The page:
Burton is never short of an interesting and sharp judgment. —Prof Peter Toohey, Psychology Today

I’ve read many Neel Burton books. He’s a wonderful writer and able to immerse you lightly in pretty heavy stuff. —Adrian Bailey, Vine Voice

Burton’s writing blends deep knowledge of his subject with lively anecdote and a genuine concern for how we might draw on the insights of psychology and philosophy to live a better life. Highly recommended! —Gareth Southwell, philosopher and writer

★★★★★ This book saved my life. —Amazon.com reviewer

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The Death of Socrates, by Jacques-Louis David (detail).

In the Nicomachean Ethics, Aristotle (d. 322 BCE) tries to discover what is ‘the supreme good for man’, that is, what is the best way to lead our life and give it meaning.

For Aristotle, a thing is most clearly and easily understood by looking at its end, purpose, or goal. For example, the purpose of a knife is to cut, and it is by seeing this that one best understands what a knife is; the goal of medicine is good health, and it is by seeing this that one best understands what medicine is, or, at least, ought to be.

Now, if one persists with this, it soon becomes apparent that some goals are subordinate to other goals, which are themselves subordinate to yet other goals. For example, a medical student’s goal may be to qualify as a doctor, but this goal is subordinate to her goal to heal the sick, which is itself subordinate to her goal to make a living by doing something useful. This could go on and on, but unless the medical student has a goal that is an end-in-itself, nothing that she does is actually worth doing.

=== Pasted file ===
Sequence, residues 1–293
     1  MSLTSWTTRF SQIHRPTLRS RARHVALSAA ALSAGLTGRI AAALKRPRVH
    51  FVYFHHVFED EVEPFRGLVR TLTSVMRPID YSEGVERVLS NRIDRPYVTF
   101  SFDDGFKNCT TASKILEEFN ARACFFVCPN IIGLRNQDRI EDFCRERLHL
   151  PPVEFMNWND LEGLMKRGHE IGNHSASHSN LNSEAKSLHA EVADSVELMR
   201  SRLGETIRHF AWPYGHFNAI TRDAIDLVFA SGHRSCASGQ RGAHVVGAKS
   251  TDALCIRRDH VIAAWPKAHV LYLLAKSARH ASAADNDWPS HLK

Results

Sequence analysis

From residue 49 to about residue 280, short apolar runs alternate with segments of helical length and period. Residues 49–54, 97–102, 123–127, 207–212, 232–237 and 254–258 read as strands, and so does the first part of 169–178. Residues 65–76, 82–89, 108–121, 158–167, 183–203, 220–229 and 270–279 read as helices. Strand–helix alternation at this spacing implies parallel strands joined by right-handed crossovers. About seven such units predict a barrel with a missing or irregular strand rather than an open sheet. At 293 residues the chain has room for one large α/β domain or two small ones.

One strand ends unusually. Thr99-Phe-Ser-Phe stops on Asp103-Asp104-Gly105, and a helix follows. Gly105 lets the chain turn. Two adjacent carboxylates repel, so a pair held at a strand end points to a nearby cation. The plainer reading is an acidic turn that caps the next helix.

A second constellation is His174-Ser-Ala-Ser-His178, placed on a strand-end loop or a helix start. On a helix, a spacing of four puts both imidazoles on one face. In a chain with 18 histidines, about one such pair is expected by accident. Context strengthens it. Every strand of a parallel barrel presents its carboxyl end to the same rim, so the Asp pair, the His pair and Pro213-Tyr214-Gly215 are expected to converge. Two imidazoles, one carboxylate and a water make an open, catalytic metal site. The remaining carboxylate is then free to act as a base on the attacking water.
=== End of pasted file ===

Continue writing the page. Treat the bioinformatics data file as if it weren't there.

What, asks Aristotle, is this goal that is an end-in-itself? What, in other words, is the final purpose of everything that we do?

The answer, says Aristotle, is happiness.

And of this nature happiness is mostly thought to be, for this we choose always for its own sake, and never with a view to anything further: whereas honour, pleasure, intellect, in fact every excellence we choose for their own sakes, it is true, but we choose them also with a view to happiness, conceiving that through their instrumentality we shall be happy: but no man chooses happiness with a view to them, nor in fact with a view to any other thing whatsoever.

Why did we get dressed this morning? Why do we go to the dentist? Why do we go on a diet? Why am I writing this article? Why are you reading it? Because we want to be happy, simple as that.